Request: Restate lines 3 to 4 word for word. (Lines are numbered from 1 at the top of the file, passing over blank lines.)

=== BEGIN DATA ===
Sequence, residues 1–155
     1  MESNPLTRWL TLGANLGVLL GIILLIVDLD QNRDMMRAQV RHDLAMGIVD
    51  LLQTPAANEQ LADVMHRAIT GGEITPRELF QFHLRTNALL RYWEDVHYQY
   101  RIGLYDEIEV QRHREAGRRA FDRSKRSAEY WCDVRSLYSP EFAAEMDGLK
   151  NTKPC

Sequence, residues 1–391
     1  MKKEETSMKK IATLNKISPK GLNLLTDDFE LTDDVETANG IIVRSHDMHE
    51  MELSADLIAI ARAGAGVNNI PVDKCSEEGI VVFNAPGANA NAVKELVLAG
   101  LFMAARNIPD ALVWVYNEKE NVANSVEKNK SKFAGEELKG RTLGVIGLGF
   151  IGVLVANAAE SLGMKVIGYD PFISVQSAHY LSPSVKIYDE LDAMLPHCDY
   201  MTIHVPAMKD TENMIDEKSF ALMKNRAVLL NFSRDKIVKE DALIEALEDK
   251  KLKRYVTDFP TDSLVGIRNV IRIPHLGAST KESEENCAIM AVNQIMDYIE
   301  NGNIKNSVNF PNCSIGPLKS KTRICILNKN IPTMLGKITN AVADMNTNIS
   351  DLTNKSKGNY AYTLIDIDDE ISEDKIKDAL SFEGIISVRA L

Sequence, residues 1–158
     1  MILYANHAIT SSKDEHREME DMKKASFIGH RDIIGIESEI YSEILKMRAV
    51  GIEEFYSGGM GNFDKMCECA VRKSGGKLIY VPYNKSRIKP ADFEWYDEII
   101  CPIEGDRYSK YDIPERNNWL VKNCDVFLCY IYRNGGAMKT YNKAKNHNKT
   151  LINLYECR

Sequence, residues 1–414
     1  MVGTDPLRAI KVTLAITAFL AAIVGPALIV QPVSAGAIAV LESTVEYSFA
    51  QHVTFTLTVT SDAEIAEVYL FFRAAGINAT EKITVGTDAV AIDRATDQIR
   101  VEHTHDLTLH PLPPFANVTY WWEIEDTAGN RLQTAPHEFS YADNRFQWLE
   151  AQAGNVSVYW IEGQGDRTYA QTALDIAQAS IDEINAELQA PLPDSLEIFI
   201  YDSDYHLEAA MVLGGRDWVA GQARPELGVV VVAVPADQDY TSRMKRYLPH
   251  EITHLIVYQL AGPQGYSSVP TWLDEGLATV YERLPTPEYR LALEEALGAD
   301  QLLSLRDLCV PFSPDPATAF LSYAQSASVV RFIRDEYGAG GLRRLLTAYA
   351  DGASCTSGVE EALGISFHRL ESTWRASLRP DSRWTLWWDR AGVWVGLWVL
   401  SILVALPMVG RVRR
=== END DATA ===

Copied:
    51  LLQTPAANEQ LADVMHRAIT GGEITPRELF QFHLRTNALL RYWEDVHYQY
   101  RIGLYDEIEV QRHREAGRRA FDRSKRSAEY WCDVRSLYSP EFAAEMDGLK